- Vergence accommodation conflict: This is a viewing problem for VR headsets today. Here’s the problem: Your pupils move with “vergence,” meaning looking toward or away from one another when focusing. But at the same time the lenses of the eyes focus on an object, or accommodation. The display of 3D images in VR goggles creates conflicts between vergence and accommodation that are unnatural to the eye, which can cause visual fatigue and discomfort.
- Eye-tracking tech: VR head-mounted displays to date haven’t been adequate at tracking the user’s eyes for computing systems to react relative to where a person’s eyes are focused in a session. Increasing resolution where the eyes are moving to will help deliver better visuals.
Despite a decades-long crawl to market, VR has made a splash in Hollywood films such as the recently released Ready Player One and is winning fans across games, TV content, real estate, architecture, automotive design and other industries.
VR’s continued consumer momentum, however, is expected by analysts to be outpaced in the years ahead by enterprise customers.
AR development spans decades. Much of the early work dates to universities such as MIT’s Media Lab and pioneers the likes of Thad Starner — now the technical lead for Alphabet’s Google Glass smart glasses — who used to wear heavy belt packs of batteries attached to AR goggles in its infancy.
Google Glass, the ill-fated consumer fashion faux pas, has since been rebirthed as a less conspicuous, behind the scenes technology for use in warehouses and manufacturing. Today Glass is being used by workers for access to training videos and hands-on help from colleagues.
And AR technology has been squeezed down into low-cost cameras and screen technology for use in inexpensive welding helmets that automatically dim, enabling people to melt steel without burning their retinas.
For now, AR is making inroads with businesses. It’s easy to see why when you think about overlaying useful information in AR that offers hands-free help for industrial applications.
Smart glasses for augmenting intelligence certainly support that image. Sporting microdisplays, AR glasses can behave like having that indispensable co-worker who can help out in a pinch. AR eyewear can make the difference between getting a job done or not.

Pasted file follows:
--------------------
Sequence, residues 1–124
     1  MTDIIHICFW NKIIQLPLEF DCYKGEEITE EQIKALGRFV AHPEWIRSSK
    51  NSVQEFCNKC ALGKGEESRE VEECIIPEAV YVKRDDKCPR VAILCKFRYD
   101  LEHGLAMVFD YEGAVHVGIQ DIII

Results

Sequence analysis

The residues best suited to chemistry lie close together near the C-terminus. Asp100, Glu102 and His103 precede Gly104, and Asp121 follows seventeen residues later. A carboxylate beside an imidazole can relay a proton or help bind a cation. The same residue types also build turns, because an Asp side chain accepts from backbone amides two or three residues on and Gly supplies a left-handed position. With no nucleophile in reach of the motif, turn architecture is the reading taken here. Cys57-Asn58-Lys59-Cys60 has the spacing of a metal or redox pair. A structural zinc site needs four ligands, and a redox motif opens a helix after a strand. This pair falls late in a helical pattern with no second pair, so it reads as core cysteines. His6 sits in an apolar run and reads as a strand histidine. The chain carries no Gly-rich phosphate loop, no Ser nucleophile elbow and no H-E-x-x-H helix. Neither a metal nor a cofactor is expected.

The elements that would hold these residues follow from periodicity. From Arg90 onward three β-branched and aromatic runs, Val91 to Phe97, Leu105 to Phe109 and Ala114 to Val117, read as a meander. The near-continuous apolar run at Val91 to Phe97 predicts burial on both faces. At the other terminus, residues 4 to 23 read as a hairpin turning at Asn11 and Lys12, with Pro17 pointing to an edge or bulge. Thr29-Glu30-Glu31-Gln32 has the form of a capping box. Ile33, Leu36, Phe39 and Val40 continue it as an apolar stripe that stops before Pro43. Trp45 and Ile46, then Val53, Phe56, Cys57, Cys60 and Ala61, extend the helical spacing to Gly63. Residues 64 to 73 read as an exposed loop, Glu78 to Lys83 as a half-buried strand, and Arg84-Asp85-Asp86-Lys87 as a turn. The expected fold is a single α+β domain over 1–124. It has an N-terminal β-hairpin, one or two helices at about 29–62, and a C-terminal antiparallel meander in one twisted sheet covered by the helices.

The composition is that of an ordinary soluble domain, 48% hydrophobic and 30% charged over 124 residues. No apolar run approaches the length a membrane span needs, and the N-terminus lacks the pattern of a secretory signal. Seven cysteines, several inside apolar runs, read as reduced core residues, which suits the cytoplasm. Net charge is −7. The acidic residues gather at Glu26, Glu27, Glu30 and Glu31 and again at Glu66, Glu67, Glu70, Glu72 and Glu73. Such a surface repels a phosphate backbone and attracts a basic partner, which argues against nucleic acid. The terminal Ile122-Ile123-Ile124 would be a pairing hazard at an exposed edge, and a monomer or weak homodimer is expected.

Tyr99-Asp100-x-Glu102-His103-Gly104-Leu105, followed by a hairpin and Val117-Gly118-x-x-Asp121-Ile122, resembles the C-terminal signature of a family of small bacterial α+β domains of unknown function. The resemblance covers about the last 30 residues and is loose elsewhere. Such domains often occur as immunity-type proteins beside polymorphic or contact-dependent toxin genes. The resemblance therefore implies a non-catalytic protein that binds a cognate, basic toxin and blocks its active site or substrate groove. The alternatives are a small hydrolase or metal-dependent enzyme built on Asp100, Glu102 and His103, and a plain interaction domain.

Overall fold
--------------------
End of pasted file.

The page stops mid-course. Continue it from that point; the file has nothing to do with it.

Consider a junior-level heavy duty equipment mechanic assigned to make emergency repairs to a massive tractor on a construction site. The boss hands the newbie AR glasses providing service manuals with schematics for hands-free guidance while troubleshooting repairs.
Some of these smart glasses even pack Amazon’s Alexa service to enable voice queries for access to information without having to fumble for a smartphone or tap one’s temple.
Business examples for consumers today include IKEA’s Place app, which allows people to use a smartphone to view images of furniture and other products overlayed into their actual home seen through the phone.
Today there is a wide variety of smart glasses from the likes of Sony, Epson, Vuzix, ODG and startups such as Magic Leap.
MR holds big promise for businesses. Because it can offer nearly unlimited variations in virtual experiences, MR can inform people on-the-fly, enable collaboration and solve real problems.
Now, imagine the junior-level heavy duty mechanic waist deep in a massive tractor and completely baffled by its mechanical problem. Crews sit idle unable to work. Site managers become anxious.
Thankfully, the mechanic’s smart glasses can start a virtual help session. This enables the mechanic to call in a senior mechanic by VR around the actual tractor model to walk through troubleshooting together while working on the real machine, tapping into access to online repair manual documents for torque specs and other maintenance details via AR.
That’s mixed reality.
To visualize a consumer version of this, consider the IKEA Place app for placing and viewing furniture in your house. You have your eye on a bright red couch, but want to hear the opinions of its appearance in your living room from friends and family before you buy it.
So you pipe in a VR session within the smart glasses. Let’s imagine this session is in an IKEA Place app for VR and you can invite these closest confidants. But first they must sit down on any couch they can find. Now, however, when everyone sits down it’s in a virtual setting of your house and the couch is red and just like the IKEA one.
Voila, in mixed reality, the group virtual showroom session yields a decision: your friends and family unanimously love the couch, so you buy it.
The possibilities are endless for businesses.
Mixed reality, while in its infancy, might be the holy grail for all the major developers of VR and AR. There are unlimited options for the likes of Apple, Microsoft, Facebook, Google, Sony, Netflix and Amazon. That’s because MR can blend the here and now reality with virtual reality and augmented reality for many entertainment and business situations.
Take this one: automotive designers can sit down on an actual car seat, with armrests, shifters and steering wheel, and pipe into VR sessions delivering the dashboard and interior. Many can assess designs together remotely this way. NVIDIA Holodeck actually enables this type of collaborative work.
Buckle up for the ride.